After years of calling themselves an alternative video magazine, the producers of "Changing Channels" began to suffer from a peculiar form of anxiety that comes from not knowing what you are, only what you are not. According to Stephen Kulczycki, it had worked only as long as they were immersed in the culture that had formed them. But in the late '70s, baby boomers who grew up wanting to believe they were something more complex than the 7-Up Generation discovered they were buying a hell of a lot of 7-Up. One day they woke up thinking, "Dammit, I deserve more than three or four minutes a show. I'm not going to do all this work for just a four-minute piece. I could make a ten-minute or a twenty-minute or a two-hour piece."
The producers--in particular, Mulligan and Pratt--had burned out after four years of full-time, nonstop producing for "Changing Channels." They felt they were too drained creatively and personally to sustain the show. Their decision to leave, announced during an annual planning retreat, was the source of heated debate. UCV staff were split on their views of how important "Changing Channels" was to the Center. Some felt the show had diverted UCV from its primary mission to serve as an access center for the university and local community. But others, including the university fund-raiser, insisted the series was the carrot that led community people to the center; and, without the highly visible and successful series, it would be more difficult to raise money to run the center and justify its importance. The debate was moot, however, because without the commitment of "Changing Channels'" core producers, there would be no series.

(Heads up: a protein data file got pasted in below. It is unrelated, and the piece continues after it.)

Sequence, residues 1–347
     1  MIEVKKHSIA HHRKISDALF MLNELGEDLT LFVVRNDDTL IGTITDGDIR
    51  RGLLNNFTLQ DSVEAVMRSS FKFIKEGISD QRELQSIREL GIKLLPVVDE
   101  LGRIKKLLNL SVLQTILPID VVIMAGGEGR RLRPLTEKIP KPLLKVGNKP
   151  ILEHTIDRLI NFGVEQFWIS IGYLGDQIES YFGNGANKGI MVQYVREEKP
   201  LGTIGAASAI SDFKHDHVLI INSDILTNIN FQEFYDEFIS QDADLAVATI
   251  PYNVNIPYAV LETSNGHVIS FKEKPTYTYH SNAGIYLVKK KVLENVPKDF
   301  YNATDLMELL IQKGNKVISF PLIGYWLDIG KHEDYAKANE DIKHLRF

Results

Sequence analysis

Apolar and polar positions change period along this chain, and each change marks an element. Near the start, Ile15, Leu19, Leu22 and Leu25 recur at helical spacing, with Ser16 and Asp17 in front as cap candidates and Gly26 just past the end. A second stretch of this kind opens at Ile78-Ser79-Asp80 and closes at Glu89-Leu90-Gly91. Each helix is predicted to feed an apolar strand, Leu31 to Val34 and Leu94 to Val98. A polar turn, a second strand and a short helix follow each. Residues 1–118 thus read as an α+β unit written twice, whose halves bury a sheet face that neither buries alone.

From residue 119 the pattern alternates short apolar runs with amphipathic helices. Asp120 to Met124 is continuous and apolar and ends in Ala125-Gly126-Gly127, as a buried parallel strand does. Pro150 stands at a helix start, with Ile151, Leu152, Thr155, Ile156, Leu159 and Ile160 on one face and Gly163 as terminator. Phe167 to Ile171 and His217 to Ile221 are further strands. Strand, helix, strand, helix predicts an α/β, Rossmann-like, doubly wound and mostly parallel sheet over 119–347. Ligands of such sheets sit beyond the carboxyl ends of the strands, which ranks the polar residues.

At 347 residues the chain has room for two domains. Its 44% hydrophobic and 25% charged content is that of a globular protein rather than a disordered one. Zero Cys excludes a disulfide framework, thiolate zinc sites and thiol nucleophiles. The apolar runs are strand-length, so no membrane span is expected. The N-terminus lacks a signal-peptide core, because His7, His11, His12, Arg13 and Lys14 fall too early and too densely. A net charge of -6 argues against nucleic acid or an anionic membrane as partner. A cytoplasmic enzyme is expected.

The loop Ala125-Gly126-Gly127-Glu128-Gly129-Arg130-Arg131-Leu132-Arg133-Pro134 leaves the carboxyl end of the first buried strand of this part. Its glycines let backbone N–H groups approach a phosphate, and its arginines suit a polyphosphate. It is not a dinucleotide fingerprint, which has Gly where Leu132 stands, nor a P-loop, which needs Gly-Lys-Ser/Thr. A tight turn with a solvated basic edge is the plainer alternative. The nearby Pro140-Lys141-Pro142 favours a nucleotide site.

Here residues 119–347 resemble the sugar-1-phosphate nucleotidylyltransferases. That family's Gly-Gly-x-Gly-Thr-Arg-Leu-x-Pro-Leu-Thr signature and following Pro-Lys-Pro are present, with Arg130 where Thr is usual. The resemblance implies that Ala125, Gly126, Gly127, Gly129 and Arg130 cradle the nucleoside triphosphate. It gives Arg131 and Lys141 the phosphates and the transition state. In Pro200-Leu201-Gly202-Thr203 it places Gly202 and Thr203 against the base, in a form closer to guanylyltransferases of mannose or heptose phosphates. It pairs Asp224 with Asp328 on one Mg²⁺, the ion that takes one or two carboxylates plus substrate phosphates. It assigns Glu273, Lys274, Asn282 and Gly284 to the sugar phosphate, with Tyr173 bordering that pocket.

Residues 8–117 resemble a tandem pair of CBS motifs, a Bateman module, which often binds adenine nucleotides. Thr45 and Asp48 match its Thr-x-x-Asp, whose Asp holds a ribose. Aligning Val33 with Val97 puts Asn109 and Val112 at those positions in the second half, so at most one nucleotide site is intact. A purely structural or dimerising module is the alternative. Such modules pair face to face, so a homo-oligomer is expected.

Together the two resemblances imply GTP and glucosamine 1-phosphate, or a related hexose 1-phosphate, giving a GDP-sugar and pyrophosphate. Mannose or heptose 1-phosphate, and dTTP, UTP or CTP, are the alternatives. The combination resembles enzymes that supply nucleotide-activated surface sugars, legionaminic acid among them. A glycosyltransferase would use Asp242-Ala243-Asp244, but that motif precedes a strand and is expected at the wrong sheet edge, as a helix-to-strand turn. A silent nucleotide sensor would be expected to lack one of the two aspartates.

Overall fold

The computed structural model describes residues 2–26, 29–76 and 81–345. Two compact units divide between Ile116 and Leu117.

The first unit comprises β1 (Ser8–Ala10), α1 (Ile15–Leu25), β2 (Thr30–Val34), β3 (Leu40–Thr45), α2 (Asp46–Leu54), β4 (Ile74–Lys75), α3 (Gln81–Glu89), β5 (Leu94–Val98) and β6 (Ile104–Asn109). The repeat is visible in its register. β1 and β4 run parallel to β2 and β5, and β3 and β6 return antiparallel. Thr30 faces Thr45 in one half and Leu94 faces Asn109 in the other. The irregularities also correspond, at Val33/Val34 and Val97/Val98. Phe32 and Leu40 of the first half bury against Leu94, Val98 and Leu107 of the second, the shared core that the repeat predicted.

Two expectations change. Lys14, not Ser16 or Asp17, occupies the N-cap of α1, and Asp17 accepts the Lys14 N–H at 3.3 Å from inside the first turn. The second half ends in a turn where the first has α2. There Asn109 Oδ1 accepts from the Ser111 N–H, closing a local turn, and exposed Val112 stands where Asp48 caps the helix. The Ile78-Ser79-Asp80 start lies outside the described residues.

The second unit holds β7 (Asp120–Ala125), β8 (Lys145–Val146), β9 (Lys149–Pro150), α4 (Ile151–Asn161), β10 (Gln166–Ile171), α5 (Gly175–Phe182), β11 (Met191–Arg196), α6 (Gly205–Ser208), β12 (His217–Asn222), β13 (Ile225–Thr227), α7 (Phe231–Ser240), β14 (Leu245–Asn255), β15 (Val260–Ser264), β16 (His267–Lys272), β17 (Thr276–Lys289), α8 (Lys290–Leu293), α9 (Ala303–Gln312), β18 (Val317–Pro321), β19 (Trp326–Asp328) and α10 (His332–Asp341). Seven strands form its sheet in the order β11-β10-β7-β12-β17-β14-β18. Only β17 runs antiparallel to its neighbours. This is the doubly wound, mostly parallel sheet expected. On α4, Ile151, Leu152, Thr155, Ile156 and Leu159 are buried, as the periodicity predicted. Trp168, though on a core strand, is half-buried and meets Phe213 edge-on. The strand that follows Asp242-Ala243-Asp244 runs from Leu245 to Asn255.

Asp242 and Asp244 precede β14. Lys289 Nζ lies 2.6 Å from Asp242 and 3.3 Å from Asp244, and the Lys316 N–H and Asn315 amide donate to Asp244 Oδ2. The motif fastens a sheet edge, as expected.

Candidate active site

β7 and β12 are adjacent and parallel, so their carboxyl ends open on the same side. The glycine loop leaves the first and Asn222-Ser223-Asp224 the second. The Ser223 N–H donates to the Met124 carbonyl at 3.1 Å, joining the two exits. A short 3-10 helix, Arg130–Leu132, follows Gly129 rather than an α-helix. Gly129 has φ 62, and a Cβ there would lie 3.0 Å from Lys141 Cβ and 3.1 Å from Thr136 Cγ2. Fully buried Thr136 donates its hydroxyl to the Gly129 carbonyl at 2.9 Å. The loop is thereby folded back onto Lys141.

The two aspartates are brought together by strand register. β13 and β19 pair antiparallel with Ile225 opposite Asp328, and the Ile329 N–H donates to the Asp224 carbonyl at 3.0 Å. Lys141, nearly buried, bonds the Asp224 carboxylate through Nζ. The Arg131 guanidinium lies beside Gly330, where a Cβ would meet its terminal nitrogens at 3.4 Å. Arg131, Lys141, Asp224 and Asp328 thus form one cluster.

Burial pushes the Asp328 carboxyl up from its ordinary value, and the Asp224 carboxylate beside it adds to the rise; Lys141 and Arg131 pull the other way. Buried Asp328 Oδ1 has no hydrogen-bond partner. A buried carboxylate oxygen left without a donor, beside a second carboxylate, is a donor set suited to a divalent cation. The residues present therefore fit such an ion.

UCV's decision to cancel the series was overshadowed by an even more compelling event; KTCA had reorganized, and, in re-evaluating its policies, had decided to abandon its practice of selling airtime to anyone. After years of grumbling about "Changing Channels," the new administration was eager to do business with UCV, but only if